Monday, 4 November 2013

Post 15 Kent and the storm, into Sussex

Black Heath, photo by Francis Dickinson
I really enjoyed stopping at Blackheath and met some very nice kind people.
I headed south through Bromley, this part of London is without charm for me, dismal 1930s ribbon development, l had to put a shoe on Tarateeno on the way as the nails had given up, l was on my way again in 15 minutes, 12 miles to a small common just north of Biggin Hill. A grey sort of day, lit stove and rested. A park attendant came along, said there'd been a complaint and l couldn't stop there. I explained in a friendly way that l was stopping there and just refer it to the police. He went off apologetically. Later on 3 police officers came along and took my name and wished me good night. Several people warned me a storm was on its way.
The next day l went south to Edenbridge, l was getting  tired and the clocks have changed, so the days are short, l was very glad when a Traveller came by and told me to stop at Marsh Green a mile away. It's a lovely place, l tucked the wagon in the lee of some shrubs away from any trees. Later on the Traveller came and showed me photos of his wagon and horse, he had also travelled in the north and we knew  some of the same places and people. A bit later on another Traveller came and gave me some sausages and chips, really kind of him. The weather was coming in bad and l put a rug on Tarateeno, stoked the fire up and put some coal on it and went to bed. By 2 am the wind was really strong and gusting  badly, the wagon rocked violently on its springs and l could do no more than doze. By 7 am the wind had eased off, the stove was still warm so l got it going and made some tea and had a nice shave, feeling slightly euphoric  that I'd survived the storm. There is always the danger that the wagon can be blown over in strong winds. It's important to have the back of the wagon to the wind and try and be in a sheltered spot, but away from any trees, because of the danger of them falling on the wagon.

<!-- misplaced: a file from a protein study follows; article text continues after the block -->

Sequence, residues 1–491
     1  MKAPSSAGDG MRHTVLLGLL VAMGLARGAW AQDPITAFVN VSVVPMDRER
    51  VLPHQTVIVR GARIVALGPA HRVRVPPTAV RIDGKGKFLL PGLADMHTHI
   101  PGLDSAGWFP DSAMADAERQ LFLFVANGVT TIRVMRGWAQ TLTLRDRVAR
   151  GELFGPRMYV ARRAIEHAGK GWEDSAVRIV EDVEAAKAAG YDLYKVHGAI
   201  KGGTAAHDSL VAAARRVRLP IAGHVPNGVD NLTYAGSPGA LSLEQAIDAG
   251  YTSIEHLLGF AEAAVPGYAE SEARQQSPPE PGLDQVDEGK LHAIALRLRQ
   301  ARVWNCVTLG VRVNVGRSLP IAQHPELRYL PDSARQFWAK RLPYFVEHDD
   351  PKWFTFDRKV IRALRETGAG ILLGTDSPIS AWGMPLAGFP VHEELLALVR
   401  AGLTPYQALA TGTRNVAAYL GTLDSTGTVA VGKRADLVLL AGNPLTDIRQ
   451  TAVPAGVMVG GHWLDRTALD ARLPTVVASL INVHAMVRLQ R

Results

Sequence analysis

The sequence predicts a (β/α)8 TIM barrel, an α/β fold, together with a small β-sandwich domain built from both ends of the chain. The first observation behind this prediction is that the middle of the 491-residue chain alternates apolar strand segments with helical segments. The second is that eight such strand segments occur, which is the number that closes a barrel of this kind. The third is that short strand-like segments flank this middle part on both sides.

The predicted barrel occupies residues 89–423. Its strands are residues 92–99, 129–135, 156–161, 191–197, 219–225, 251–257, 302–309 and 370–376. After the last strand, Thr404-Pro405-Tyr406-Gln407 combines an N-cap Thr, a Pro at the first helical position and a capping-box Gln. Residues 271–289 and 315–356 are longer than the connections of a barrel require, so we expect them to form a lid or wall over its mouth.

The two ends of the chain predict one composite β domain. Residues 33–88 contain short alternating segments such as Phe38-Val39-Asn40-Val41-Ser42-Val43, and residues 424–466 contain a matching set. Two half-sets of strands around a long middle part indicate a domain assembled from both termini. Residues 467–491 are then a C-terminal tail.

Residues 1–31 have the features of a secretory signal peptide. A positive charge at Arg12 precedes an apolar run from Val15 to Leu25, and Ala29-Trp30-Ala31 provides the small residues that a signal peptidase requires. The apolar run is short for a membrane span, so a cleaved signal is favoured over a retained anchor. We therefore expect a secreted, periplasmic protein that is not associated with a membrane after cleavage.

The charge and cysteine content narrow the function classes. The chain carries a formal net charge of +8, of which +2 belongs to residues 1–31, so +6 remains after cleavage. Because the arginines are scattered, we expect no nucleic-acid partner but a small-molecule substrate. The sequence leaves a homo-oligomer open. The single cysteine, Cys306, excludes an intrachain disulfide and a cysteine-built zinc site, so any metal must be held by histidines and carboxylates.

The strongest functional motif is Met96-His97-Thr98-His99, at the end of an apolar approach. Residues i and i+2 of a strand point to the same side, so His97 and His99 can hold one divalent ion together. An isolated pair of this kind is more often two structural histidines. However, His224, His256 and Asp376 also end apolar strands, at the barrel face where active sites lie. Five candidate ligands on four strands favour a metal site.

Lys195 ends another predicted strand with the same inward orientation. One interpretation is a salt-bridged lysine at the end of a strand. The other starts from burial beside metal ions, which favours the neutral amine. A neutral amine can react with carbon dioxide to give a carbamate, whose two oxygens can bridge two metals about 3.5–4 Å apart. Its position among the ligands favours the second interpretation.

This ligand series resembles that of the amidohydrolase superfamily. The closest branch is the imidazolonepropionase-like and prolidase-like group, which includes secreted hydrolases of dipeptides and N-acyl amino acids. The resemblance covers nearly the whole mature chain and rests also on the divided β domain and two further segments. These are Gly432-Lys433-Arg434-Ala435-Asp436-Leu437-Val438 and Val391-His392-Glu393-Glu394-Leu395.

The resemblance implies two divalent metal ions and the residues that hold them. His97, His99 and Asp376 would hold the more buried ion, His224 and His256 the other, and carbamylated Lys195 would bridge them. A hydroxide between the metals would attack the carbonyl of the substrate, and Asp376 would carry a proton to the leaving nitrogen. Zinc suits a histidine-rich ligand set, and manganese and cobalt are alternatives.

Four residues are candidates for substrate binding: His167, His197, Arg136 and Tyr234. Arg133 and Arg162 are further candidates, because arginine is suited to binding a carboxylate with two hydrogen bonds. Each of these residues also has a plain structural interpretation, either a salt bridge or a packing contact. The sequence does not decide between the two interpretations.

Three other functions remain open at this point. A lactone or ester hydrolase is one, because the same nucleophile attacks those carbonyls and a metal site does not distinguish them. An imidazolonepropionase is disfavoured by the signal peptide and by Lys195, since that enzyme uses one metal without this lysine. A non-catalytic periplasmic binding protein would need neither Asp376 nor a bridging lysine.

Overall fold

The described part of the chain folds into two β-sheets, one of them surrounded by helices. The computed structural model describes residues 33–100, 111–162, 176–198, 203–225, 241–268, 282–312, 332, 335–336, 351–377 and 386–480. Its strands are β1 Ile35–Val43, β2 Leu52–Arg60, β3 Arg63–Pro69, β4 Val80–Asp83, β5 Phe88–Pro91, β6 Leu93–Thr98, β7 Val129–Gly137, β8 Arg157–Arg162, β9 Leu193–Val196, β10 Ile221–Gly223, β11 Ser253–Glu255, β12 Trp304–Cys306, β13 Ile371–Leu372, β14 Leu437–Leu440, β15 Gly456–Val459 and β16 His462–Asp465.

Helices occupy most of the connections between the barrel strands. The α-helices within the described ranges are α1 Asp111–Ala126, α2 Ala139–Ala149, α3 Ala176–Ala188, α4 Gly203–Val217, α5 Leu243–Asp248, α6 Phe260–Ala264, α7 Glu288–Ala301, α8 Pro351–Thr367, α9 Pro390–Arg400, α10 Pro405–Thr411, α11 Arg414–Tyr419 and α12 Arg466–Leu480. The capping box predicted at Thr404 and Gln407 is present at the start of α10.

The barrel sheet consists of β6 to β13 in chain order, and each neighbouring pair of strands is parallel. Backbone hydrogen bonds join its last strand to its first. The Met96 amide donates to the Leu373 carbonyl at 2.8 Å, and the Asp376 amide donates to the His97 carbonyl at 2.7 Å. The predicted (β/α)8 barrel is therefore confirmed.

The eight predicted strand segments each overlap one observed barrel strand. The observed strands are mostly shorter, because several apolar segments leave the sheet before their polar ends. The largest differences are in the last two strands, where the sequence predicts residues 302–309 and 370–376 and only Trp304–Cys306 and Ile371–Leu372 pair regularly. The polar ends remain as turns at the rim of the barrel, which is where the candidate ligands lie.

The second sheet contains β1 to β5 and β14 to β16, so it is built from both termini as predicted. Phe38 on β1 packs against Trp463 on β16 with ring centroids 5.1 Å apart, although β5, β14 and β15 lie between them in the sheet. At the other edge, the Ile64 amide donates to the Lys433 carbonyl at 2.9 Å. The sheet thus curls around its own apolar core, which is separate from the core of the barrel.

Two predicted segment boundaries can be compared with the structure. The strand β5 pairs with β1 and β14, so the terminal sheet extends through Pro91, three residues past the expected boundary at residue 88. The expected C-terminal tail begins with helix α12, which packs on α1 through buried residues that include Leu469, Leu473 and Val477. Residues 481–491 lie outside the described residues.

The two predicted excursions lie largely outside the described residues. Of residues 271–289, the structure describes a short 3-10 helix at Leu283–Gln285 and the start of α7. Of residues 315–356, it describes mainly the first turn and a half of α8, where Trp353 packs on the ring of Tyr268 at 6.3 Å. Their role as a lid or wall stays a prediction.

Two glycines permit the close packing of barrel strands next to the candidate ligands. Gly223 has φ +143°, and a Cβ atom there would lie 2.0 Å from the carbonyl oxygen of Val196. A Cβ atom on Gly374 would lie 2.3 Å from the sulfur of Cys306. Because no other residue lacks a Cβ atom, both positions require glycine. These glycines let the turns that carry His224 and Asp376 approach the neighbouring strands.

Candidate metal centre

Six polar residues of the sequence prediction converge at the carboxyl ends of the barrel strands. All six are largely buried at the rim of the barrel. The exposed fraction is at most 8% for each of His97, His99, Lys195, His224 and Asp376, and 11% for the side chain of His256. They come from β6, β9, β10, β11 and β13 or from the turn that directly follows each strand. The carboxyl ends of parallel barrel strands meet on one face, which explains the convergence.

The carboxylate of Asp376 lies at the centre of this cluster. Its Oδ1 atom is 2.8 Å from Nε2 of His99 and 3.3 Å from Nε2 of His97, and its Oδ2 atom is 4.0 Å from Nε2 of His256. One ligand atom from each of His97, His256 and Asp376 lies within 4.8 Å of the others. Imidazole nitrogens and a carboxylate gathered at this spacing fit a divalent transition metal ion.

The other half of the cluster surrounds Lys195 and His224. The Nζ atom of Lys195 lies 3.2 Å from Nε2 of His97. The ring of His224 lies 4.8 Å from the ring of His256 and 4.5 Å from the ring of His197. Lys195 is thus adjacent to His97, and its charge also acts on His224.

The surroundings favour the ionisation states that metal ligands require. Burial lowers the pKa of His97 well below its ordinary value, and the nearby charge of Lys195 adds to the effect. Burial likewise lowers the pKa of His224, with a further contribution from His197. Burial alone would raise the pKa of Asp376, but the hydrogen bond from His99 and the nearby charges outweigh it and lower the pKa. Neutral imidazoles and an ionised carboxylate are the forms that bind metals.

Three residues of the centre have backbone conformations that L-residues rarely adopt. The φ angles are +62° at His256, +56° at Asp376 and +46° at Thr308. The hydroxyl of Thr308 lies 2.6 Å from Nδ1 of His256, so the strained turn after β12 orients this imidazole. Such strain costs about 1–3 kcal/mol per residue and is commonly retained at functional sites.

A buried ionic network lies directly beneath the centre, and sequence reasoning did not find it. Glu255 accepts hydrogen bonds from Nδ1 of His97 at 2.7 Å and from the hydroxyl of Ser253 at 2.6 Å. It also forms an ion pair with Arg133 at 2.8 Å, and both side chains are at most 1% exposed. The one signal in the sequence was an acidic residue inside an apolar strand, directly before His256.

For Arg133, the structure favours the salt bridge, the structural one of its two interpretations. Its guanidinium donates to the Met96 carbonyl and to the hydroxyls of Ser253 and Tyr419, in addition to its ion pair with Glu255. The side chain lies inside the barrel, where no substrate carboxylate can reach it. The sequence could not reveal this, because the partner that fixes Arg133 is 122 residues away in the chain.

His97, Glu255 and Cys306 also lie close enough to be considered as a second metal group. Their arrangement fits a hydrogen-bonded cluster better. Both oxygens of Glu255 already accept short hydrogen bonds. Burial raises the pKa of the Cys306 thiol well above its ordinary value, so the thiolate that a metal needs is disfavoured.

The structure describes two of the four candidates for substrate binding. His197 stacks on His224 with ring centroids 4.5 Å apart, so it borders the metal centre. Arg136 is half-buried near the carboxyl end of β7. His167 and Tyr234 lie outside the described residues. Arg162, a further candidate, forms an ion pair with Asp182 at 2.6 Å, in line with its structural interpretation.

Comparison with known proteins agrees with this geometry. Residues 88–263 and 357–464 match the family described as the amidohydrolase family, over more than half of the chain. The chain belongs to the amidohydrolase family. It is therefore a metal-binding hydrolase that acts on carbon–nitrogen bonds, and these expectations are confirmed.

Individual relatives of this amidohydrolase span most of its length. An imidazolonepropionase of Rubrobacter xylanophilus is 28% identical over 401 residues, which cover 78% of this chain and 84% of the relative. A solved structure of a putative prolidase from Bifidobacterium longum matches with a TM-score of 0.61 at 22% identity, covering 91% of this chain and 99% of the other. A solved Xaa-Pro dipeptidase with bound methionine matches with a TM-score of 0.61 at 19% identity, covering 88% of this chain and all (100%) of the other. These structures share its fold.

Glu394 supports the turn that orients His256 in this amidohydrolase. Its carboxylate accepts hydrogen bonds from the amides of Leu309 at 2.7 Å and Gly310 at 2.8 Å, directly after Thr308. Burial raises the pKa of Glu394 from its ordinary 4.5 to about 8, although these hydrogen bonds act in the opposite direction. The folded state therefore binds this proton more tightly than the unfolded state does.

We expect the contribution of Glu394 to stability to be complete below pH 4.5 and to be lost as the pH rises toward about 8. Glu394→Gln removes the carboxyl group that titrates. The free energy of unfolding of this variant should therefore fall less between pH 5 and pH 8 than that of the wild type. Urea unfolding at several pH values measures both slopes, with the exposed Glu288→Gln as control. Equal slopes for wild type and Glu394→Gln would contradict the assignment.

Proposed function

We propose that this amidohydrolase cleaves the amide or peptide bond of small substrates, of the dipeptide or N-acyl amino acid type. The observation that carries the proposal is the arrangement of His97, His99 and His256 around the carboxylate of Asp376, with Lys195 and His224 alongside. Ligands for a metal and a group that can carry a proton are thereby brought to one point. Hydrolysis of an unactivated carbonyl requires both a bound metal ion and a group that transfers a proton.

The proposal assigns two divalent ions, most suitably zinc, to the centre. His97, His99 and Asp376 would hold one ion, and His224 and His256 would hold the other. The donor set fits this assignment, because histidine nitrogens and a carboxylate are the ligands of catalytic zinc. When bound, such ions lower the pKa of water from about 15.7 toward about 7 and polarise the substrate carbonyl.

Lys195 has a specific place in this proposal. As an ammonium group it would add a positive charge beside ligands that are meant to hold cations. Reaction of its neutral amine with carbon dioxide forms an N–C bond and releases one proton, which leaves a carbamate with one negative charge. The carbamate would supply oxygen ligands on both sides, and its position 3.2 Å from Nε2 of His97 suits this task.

Tarateeno, Ashdown Forest
At 10.30am l set off and went to the Ashdown  Forest, quite a few trees had come down in the night, and l was glad l hadn't stopped near any, even quite a small branch can do a lot of damage especially if it lands on your head. The road was strewn with acorns and sweet chestnuts and l collected some to roast. It was a hilly journey  and l was glad to get there as both Tarateeno and l were tired. 11 miles. I got the stove lit and had  a cup of tea, this is a beautiful forlorn spot where I'm stopped. At dusk l watched a white hart, [a white stag] it came within a couple of hundred feet of the wagon, perhaps it means  good fortune is just around the corner, although l feel quite lucky already.
Steve and Lisa
The next day l caught up with two friends, Steve and Lisa, who are also in a wagon and stopped with them a couple of days, we hadn't seen each other for several years and had lots of catching up to do. We sat around the fire, chatting and sharing useful information about stopping places, ways of earning a living, people we knew, plans for the future.......  We traded  a few bits and pieces and made our farewells. Who knows when we'll meet again and where?